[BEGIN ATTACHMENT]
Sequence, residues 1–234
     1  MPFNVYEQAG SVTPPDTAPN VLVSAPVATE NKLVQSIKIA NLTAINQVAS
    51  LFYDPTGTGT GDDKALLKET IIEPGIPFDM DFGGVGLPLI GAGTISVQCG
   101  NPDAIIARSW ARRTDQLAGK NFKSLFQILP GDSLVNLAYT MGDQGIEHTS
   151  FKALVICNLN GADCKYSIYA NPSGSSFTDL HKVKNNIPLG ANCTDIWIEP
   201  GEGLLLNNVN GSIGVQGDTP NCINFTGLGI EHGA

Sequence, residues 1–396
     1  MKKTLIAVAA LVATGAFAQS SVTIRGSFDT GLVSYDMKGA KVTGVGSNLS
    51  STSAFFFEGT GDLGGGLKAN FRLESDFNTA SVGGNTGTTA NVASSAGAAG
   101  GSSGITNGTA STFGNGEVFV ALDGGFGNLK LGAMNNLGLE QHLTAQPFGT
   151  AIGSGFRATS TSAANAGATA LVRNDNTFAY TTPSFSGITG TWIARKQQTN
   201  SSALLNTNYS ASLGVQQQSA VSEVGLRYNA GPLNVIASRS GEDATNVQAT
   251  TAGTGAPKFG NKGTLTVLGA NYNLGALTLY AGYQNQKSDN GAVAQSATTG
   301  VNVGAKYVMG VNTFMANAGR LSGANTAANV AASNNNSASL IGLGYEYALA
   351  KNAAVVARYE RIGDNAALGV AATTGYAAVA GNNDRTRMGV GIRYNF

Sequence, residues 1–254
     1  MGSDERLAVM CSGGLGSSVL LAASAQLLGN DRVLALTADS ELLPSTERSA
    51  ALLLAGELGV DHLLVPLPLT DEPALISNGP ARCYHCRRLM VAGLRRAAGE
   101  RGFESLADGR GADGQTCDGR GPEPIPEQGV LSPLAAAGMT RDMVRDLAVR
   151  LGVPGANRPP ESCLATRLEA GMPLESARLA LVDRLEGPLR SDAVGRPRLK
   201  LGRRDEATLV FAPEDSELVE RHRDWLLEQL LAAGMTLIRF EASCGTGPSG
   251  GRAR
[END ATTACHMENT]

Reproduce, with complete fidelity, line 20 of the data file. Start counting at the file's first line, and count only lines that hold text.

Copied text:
   151  LGVPGANRPP ESCLATRLEA GMPLESARLA LVDRLEGPLR SDAVGRPRLK